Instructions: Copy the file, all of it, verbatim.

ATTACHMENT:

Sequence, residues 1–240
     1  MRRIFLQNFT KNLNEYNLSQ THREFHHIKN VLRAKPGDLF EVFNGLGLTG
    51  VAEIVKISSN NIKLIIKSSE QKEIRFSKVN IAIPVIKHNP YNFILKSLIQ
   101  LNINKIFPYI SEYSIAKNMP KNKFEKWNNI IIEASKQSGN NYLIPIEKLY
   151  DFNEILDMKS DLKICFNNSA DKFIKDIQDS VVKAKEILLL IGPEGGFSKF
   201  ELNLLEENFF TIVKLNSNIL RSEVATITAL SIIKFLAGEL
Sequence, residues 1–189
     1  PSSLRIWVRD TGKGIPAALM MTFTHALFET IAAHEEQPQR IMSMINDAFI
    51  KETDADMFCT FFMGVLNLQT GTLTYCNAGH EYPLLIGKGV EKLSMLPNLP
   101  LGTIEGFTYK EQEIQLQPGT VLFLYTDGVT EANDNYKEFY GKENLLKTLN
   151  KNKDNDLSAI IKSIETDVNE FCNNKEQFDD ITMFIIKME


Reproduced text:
Sequence, residues 1–240
     1  MRRIFLQNFT KNLNEYNLSQ THREFHHIKN VLRAKPGDLF EVFNGLGLTG
    51  VAEIVKISSN NIKLIIKSSE QKEIRFSKVN IAIPVIKHNP YNFILKSLIQ
   101  LNINKIFPYI SEYSIAKNMP KNKFEKWNNI IIEASKQSGN NYLIPIEKLY
   151  DFNEILDMKS DLKICFNNSA DKFIKDIQDS VVKAKEILLL IGPEGGFSKF
   201  ELNLLEENFF TIVKLNSNIL RSEVATITAL SIIKFLAGEL
Sequence, residues 1–189
     1  PSSLRIWVRD TGKGIPAALM MTFTHALFET IAAHEEQPQR IMSMINDAFI
    51  KETDADMFCT FFMGVLNLQT GTLTYCNAGH EYPLLIGKGV EKLSMLPNLP
   101  LGTIEGFTYK EQEIQLQPGT VLFLYTDGVT EANDNYKEFY GKENLLKTLN
   151  KNKDNDLSAI IKSIETDVNE FCNNKEQFDD ITMFIIKME